If you are interested in working in the field of Physical Therapy but time/money are a factor, I’d consider becoming a PTA – Physical Therapist Assistant.

      You still treat patients individually, but the PT must do the evaluation before you can perform the follow up treatments. Plus, PTA programs are 2 year associate degrees – a cheaper investment of time and money.

  5. This sounds like a great career, but i am 28years old and have 3 kids 6,4and 6months. I feel like Im probably way too old to even start this.

  6. Hello, I wanted to ask if doing IT gives me more money or becoming a physical therapist will, in the US?

    Also, how much will it approximately cost in total to become a physical therapist?

    • Well over $150,000 including undergraduate and graduate degree.
      It’s very expensive and the decision to go into this much debt should be carefully considered.

  7. I’m a rising junior majoring in Community Health. My major allows me to be on pre-PT track. I’m considering taking A&P 1 and 2 over again because I didn’t do as well as a I wanted to in those classes. I passed the classes and I got the credit for them, I just wanted to get an opinion on whether I should retake A&P 1 and A&P 2?

  8. So I’m about to start my freshman year of college and I was wondering how long it would take me to be a PT? What I’m confused about is that I would have to receive my bachelors in some health degree and the take a DPT program. However, you said it can take up to two years to finish the pre reqs to be qualified to enter a DPT program. Is there any way I could finish those pre reqs while getting my bachelors?

  9. I gradulated High School two years ago and I just decided I wanted to become a physical therapy but I don’t know where to begin and don’t know if it’s better to go to a community college then transfer to a university or take a program?

  10. I am 58 years and thinking of becoming a P T ,because I have a certificate in Physical Therapy Aid I need to know if it will take me the same amount of years

    • Bukola If I am not mistaken, that’s Doctorate in Physical Therapy (DPT). 7years is the Maximum you can go that’s the highest or 2yrs associate (PTA) Physical Therapy Assistance.

  11. I had done 3rd year DPT with 1st div now my campas in close can’t continue study .. can I do any course f assistant physiotherapist as I passed 3rd year jst 2 years are left what is best for me??? Please guide me in stress 🙁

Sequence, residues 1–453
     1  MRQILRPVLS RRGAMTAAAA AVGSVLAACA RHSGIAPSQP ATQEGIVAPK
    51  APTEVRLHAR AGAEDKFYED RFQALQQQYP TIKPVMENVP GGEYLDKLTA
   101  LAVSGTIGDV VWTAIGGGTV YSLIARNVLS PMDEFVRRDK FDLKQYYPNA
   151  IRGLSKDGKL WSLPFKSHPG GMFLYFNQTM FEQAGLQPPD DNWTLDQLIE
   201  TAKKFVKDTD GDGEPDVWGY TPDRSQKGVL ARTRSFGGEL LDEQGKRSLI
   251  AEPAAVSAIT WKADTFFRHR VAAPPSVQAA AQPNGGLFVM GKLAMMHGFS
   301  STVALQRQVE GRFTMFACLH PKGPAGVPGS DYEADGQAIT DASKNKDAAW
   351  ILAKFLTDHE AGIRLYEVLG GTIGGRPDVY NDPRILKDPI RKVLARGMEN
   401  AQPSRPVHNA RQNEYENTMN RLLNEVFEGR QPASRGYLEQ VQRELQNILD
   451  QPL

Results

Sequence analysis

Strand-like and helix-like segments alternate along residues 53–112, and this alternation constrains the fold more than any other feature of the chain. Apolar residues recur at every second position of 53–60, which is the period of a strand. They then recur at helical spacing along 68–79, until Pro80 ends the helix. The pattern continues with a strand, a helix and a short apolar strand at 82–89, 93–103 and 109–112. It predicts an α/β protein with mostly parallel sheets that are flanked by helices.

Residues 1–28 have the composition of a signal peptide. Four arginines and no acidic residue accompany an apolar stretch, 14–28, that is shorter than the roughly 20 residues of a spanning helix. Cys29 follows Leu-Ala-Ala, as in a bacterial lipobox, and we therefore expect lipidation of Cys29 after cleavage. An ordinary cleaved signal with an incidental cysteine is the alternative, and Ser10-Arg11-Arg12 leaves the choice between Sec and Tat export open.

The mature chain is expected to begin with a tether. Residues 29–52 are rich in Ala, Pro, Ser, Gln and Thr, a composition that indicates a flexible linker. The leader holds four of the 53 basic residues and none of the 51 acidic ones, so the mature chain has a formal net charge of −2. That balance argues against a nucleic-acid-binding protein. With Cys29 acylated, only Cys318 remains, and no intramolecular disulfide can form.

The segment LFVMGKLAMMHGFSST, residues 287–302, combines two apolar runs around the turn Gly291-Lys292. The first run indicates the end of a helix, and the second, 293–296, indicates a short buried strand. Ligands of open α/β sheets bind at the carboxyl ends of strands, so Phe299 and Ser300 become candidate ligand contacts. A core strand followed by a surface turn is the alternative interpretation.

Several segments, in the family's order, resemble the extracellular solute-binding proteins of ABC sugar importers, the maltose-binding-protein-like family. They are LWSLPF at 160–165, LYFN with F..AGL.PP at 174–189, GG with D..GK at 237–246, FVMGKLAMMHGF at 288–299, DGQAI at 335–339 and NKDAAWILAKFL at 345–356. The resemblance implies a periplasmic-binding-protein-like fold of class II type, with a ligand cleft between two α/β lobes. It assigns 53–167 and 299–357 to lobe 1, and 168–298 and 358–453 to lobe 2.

12. Those wishing to pursue the DPT as a career need to think long and hard about and ask current entry level DPT graduates lots of questions and get their feedback.

    From start to finish osball goes smooth and you know your path to DPT from freshman year it can be 7 years total (4 years undergrad; 3 years DPT). But please note that the years years is likely 4 years condensed into 3. My DPT program has us going year old for 3 semesters per year (summer season included). We were merged with the medical school for years 1 and 2 taking their basic medical schools Gross Anatomy and Neuro Anatomy whole also taking our own DPT curriculum. Needless to say it was intense.
    My DPT education was amazing and profound.
    Unfortunately the overal legislation has not caught up with the education.
    The DPT is now a mandate since 2016 I believe evens though most PT programs updated to the DPT more than 15 years ago.

    We continue to be oppressed and suppressed by medical doctors and chiropractors mainly.

    The intent for the DPT was to argue to the industry that the DPT can be autonomous like the Chiropractor, MD, DO, DPM, Dentist etc. and be able to
    Establish its own relationship with insurance carriers.

    Politics and greed prevents this really.

    Even the states that have unrestricted access for PTs still struggle with insurance carriers paying for their services without the medical doctor essentially Granting permission for the DPT to see the patient.

    So professional frustration will soon set it after graduation.

    Then we have return on investment. Insurance cattier swill not pay per the value the DPT provides. Employers certainly won’t pay for the value. Sure they have to work with the reimbursement amounts and set a pay scale based on the amount.

    If the DPT grad owes more than $100k …it will be difficult to not feel trapped under a rock of debt making $60k annual salary (per the average PT salary)…even making $85k or more can bud limiting.

    Average Medoca
    Doctor new grads are at about $180k annual and they can easily owe $100k or more but have more room to manage that debt.

    Out PT profession’s is trying to evolve but it is taking awhile and there is push back from the industry.

    In 50 years the profession should achieve the desired status but that doesn’t help those of us struggling now.

  13. Hello,
    I need a bit of help because I actually have a lot going on.
    I received my LMT (Licensed Massage Therapist) and I also have a bachelors in administrative business.
    I’m getting jobs for my massage license, just not the pay that I need because I’m looking for more of a clinical setting and it seems like they don’t pay that great.
    I’m looking at PT because this seems like more the route I would like to go with my career in helping people.
    I saw that you said that you can have any undergrad major as long as you have the prereqs and im just not sure if any of my classes would qualify me for that, so im guessing that i would need to go to the administrator to see if i even cover the prereqs but would my LMT be able to be used here as well? Does that count for anything?
    I just need some help because this is something that im very much thinking about but i would like to do it as quickly as possible

  14. Great info and straight t᧐ the point. І аm not suгe if
    tһis is really thе best рlace to ask bᥙt do you people have any thouɡhts on wһere to
    get some professional writers? Thankѕ 🙂

  15. I am currently an integrative studies major with a concentration in life science with an emphasis in pre-physical therapy, Is this a good major or should I change it?

  16. i really want to become one but i don’t know if all the years and time is worth it, is this really something that is worth all the time?

  17. Your never to old thats just an excuse. Im 40 and in college to obtain my pta degree. My question is what is required after obtaining my pta degree to become a pt. Ive always been interested in the sports medicine pt side because of my athletic background. Just curious where and what id b required to do after this part